Steve, you claim to be such an expert – the numbers are in the bill – so you work it out. Can you disprove our numbers or not? Waiting to hear from you!!!Actually, the numbers are not in the bill. The funding mechanism is in the bill, but the medical costs per citizen, and the assumptions that they made regarding those costs are not in the bill.
But, hey, let's have some fun and see if we can suss it out, huh, Earl? I'll do my best from open sources and statistical guesswork, and then you can release the numbers from your studies. I'm willing to bet they are not far different.
Not true: the revised numbers show it will not work at all.
The reality is: any decent analysis is going to tell you that the State of Delaware has no business making a long-term commitment to this plan without accepting the fact that within six years--even under the most optimistic scenario--
That's right--even if these numbers work out precisely as claimed, they show that each of Delaware's 412,000 taxpayers will be forking out at least another $1,213 in additional taxes by the sixth year of this program, just to keep it barely afloat.
And, again I emphasize that's the optimistic projection.
So, Representative Jaques--here are my numbers. Where the hell are yours?
How do the numbers work out?
(Note: I have used all open sources, and linked to every source I used. These numbers are rough. I have had to make several assumptions to cover gaps, and I have laid them out in their entirety when I have done so. I may be wrong, but I have shown my work. If you have better data for any segment, please send it to me and I will incorporate it into the analysis. If you don't like one of my assumptions, feel free to posit your own, but if you do, work it all the way to the end or I will ignore you.)
The 877,600 citizens of Delaware have a per capita, per annum average healthcare cost of $8,480, according to Kaiser, which compares unfavorably with the US average of $6,815.
This means that the annual cost of healthcare for Delaware citizens is around $7,442 Billion.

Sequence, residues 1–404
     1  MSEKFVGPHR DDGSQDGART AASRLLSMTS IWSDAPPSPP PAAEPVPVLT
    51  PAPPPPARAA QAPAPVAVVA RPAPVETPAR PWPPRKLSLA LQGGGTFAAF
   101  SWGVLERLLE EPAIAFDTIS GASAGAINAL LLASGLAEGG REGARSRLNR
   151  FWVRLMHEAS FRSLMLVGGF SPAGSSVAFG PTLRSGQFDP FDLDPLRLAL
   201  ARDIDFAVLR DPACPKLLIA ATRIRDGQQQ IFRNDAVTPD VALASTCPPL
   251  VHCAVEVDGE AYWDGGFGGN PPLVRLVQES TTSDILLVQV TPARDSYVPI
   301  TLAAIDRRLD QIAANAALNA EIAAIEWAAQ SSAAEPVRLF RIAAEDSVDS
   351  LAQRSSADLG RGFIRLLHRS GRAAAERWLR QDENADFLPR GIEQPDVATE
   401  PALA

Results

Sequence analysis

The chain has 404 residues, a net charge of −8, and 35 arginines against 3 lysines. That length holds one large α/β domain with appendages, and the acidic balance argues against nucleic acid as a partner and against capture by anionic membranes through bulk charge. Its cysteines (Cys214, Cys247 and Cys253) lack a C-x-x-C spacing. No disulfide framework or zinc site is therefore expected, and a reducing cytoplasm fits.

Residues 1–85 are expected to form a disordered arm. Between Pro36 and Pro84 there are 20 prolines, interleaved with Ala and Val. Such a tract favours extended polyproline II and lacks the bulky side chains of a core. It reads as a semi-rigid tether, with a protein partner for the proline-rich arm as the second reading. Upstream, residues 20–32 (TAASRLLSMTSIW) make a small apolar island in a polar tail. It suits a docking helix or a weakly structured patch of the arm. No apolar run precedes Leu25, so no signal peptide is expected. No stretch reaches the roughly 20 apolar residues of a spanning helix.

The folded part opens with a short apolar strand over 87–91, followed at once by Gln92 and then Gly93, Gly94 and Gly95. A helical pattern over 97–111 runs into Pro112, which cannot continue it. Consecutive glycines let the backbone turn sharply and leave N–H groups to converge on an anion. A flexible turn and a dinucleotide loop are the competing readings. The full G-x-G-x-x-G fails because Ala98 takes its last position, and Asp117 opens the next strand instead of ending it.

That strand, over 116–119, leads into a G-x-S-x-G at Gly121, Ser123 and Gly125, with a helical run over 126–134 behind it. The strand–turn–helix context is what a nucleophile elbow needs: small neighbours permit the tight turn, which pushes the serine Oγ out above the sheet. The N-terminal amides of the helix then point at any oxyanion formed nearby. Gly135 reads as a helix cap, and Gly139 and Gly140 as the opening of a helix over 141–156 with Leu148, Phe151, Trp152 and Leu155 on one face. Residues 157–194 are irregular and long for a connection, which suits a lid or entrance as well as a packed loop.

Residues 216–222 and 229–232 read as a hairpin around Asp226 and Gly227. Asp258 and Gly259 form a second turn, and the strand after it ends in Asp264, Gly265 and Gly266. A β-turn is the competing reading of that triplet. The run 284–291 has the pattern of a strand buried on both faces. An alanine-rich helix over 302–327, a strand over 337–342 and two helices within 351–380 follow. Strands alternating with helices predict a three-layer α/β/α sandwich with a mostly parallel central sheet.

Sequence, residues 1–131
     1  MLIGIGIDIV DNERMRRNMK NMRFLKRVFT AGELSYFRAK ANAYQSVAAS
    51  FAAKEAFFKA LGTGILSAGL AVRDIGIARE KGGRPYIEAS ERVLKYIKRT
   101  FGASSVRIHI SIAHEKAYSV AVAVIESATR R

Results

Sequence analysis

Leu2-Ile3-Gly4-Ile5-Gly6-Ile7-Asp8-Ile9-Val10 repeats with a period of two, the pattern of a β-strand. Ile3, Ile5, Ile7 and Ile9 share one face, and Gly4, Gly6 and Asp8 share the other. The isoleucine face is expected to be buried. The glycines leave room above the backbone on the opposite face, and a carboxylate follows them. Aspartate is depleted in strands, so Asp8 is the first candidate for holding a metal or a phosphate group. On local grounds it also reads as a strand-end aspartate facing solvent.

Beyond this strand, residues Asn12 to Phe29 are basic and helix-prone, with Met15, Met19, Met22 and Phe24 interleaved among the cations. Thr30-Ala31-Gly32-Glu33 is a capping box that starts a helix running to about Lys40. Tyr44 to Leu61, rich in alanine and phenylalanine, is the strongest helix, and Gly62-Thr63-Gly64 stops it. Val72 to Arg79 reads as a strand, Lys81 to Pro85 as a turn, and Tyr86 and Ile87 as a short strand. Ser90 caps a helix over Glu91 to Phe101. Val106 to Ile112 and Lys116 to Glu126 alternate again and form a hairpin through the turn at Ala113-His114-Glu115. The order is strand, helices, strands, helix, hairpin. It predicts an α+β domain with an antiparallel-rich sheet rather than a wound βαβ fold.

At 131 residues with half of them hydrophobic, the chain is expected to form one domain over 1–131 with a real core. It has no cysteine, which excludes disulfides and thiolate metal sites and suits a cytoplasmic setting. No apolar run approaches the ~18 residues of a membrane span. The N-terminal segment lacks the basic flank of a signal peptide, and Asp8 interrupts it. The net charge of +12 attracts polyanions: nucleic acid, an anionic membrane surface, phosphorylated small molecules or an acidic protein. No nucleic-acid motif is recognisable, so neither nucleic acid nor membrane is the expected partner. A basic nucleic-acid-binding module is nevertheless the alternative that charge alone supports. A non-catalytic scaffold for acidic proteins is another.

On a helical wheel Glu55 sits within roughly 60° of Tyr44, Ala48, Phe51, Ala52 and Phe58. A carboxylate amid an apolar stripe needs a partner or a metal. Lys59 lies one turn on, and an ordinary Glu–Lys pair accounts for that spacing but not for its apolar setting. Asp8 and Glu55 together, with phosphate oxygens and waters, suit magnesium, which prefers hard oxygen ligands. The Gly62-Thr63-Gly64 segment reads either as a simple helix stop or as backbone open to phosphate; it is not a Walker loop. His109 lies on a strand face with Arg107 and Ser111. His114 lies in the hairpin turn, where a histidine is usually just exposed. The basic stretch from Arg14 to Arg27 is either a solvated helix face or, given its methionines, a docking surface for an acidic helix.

Now it is important to note, for the purposes of dealing with the HB 392 number, that only 52% of Delaware's citizens are covered by private insurance. This is the breakdown [same source]:
52% private insurance
12% uninsuredThe claim by Dr. McDowell is that the private insurers are costing us 30% administrative overhead vs the 1.5% he claims for Medicare/Medicaid.
But the Kaiser report notes that insurance administrative costs are NOT counted in the total:
Costs such as insurance program administration, research, and construction expenses are not included in this total.
Therefore we can assume that the $7.44 Billion is what we need our funding mechanism to raise.
But wait! Dr. Mcdowell also says that we have to raise this cost by 5% to allow for additional utilization of services for which people were not previously qualified, so that brings us up to $7.81 Billion.
OK, so we have to raise $7.81 Billion.
How much would the payroll tax raise?
This one is more difficult from open sources, but let's take a shot:
There are 24,006 small businesses in Delaware that have employees. There are 44,489 small businesses with no employees, and 32,242 individuals who are self-employed. So we have about 67,000 self-employed or single-employer businesses (16% of total). These folks will not be paying any payroll tax.
Large-scale employers (750+ employees) account for about 145,000 of these (35% of total). These folks will all be assessed the 9% payroll tax.
That leaves us about 200,000 employees to account for. Let's assume an even distribution, which will mean that 50,000 will be assessed at 4%, 50,000 will be assessed at 5%, 50,000 will be assessed at 7%, and 50,000 will be assessed at 9%.
That gives us the following (very) rough figures to work with:
195,000 assessed at 9%
50,000 assessed at 7%
50,000 assessed at 5%
50,000 assessed at 4%
67,000 assessed at 0%